People wearing aids awareness ribbons
By IHPL - February 15, 2024

Despite significant progress, HIV remains a major public health challenge in California, where nearly 4,500 new HIV diagnoses occur each year.1 Black and Latino communities face a disproportionate burden of HIV compared to other racial or ethnic groups. For instance, among Black Californians, the rate of new HIV diagnoses is 4.3 times higher in men and 5.4 times higher in women compared to Whites. Similarly, Latinx individuals experience a significant impact from HIV, with rates of new diagnoses 2.2 times higher in men and 1.2 times higher in women compared to Whites.2 These statistics underscore the urgent need for targeted interventions and resources to address the HIV epidemic within these communities.

One promising intervention is PrEP, or pre-exposure prophylaxis, a highly effective medication taken by individuals at risk for HIV to prevent transmission. PrEP reduces the risk of contracting HIV by about 99% when taken as prescribed.3 However, despite its efficacy, only approximately 10% of the roughly 240,000 Californians who could benefit from PrEP currently have access to it.4 Significant disparities in PrEP use persist among racial and ethnic groups, with Black and Latino individuals, who collectively account for over three-quarters of new HIV diagnoses in California, representing less than a third of PrEP users.5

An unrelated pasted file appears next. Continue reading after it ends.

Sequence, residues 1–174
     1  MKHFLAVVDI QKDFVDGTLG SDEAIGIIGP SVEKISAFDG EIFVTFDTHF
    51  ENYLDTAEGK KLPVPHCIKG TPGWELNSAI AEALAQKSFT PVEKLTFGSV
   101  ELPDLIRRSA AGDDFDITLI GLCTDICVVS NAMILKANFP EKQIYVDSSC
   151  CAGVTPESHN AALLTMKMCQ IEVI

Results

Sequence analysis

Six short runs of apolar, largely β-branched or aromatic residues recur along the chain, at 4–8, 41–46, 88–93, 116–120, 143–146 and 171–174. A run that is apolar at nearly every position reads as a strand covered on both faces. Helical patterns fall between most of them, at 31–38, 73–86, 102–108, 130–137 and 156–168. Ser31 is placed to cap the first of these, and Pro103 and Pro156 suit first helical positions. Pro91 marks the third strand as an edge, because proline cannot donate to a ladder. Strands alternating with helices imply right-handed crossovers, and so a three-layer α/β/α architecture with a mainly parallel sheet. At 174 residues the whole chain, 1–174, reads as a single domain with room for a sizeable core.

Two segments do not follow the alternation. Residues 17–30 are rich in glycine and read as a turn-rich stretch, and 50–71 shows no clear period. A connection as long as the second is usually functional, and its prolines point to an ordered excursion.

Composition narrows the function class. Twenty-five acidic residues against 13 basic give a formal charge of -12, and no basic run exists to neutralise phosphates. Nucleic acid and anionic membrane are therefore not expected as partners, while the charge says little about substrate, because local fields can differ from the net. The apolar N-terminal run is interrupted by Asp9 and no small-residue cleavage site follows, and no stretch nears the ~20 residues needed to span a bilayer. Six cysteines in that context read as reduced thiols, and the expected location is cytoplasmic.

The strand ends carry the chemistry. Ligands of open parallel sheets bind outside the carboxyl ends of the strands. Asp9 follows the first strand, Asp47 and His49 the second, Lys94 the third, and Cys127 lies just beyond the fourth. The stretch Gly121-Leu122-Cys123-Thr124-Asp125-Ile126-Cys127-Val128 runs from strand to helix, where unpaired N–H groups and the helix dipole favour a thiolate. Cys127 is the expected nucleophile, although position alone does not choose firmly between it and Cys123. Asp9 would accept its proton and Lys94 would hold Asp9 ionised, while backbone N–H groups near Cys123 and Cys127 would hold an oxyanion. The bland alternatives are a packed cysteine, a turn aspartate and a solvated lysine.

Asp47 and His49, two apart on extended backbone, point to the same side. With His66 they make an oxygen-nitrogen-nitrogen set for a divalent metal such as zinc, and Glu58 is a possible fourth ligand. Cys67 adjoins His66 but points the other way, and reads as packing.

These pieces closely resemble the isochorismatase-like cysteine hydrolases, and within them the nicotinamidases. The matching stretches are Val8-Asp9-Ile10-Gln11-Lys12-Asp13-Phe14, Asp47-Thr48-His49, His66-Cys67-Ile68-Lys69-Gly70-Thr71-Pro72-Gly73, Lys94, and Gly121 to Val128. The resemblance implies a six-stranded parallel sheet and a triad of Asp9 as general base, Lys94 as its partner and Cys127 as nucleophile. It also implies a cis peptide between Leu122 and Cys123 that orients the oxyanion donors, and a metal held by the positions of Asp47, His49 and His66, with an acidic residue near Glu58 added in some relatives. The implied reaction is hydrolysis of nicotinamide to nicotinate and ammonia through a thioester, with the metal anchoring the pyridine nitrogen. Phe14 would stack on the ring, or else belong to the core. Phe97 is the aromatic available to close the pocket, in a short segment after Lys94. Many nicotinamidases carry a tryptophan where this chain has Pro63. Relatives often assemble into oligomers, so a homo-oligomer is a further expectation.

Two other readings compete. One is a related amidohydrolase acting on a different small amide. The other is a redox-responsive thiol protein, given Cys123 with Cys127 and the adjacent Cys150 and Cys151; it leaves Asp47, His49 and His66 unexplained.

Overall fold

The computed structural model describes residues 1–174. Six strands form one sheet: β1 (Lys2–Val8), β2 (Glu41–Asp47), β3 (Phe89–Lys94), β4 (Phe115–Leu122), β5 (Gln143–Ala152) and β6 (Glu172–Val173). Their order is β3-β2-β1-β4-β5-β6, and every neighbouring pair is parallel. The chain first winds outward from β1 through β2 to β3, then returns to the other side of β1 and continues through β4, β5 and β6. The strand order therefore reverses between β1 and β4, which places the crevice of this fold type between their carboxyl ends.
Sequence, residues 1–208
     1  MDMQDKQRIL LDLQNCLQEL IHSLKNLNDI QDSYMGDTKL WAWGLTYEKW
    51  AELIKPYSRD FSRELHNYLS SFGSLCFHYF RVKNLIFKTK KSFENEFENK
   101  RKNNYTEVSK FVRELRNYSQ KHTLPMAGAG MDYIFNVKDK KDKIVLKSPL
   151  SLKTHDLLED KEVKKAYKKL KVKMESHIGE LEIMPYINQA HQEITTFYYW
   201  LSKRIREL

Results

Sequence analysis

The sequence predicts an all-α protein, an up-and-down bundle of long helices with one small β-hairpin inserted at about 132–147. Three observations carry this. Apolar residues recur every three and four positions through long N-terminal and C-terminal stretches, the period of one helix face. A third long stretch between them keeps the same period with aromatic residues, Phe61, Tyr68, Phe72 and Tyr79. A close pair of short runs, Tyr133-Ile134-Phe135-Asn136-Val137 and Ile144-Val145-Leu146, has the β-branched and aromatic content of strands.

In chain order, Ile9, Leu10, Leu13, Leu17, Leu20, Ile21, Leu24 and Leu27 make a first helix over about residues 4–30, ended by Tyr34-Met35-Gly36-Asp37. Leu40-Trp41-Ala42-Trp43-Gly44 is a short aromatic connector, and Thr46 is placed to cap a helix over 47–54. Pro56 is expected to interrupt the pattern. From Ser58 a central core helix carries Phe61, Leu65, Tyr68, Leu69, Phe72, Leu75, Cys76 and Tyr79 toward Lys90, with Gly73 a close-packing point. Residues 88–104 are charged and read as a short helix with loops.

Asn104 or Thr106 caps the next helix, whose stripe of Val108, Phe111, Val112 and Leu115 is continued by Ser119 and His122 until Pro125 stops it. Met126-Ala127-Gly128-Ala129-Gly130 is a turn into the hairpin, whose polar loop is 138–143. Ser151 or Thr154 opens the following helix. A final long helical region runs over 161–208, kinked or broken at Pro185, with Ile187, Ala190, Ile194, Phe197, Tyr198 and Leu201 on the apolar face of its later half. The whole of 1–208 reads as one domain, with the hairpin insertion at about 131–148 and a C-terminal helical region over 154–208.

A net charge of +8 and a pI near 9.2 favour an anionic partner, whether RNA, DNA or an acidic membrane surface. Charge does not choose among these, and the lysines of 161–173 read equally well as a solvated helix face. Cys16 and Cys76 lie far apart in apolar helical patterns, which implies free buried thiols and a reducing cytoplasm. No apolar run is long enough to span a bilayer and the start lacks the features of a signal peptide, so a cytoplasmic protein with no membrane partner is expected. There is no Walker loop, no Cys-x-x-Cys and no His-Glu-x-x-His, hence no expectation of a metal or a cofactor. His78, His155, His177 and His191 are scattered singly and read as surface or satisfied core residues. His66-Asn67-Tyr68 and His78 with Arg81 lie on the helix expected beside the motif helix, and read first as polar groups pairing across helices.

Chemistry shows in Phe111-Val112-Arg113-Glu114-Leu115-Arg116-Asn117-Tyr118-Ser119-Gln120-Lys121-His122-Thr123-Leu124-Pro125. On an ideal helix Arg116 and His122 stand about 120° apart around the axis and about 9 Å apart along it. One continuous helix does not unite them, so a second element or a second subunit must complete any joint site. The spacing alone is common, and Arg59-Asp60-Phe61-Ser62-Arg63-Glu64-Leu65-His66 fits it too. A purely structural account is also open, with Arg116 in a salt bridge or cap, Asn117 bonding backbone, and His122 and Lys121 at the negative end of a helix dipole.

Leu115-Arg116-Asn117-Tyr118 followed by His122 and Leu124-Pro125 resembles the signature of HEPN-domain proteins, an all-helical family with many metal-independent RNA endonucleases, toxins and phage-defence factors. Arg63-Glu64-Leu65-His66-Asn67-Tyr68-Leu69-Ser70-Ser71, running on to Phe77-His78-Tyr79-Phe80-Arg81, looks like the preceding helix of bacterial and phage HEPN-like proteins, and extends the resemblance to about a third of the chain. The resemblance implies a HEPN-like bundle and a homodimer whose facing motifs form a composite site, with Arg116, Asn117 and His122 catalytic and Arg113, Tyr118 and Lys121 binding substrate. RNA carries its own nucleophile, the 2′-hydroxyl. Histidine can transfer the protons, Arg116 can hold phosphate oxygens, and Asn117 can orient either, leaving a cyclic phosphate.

Several factors contribute to these disparities, including stigma, distrust of the medical system, lack of awareness among both patients and clinicians, limited availability of clinics providing PrEP, challenges in securing appointments, and an insufficient number of providers comfortable with prescribing PrEP.6 In response, policymakers have been exploring ways to increase PrEP uptake. In October 2019, California became the first state to authorize pharmacists to furnish a 30-to-60-day supply of PrEP without a physician's prescription and prohibits insurance companies from requiring prior authorizations for PrEP coverage. Additionally, the SB 159 bill requires pharmacists to complete a training program approved by the state Board of Pharmacy to be certified to furnish PrEP, expanding access and leveraging the credibility and accessibility of pharmacists, primarily in marginalized communities.

The potential impact of these policy changes is significant. Allowing pharmacists to furnish PrEP without a prescription expands access, increases the number of vulnerable individuals who use this effective HIV prevention modality, and can lead to reductions in new HIV cases, particularly in high-burden areas like the Inland Empire.7 For this purpose, in April 2023, Loma Linda University Schools of Behavioral Health and Pharmacy received a $750,000 grant from the National Association of Chain Drug Stores (NACDS) Foundation to implement a community pharmacist-led HIV prevention program in the Inland Empire. This innovative research project involving twelve pharmacies aims to improve access to pharmacy-based HIV services through screening, prevention, and linkage to treatment.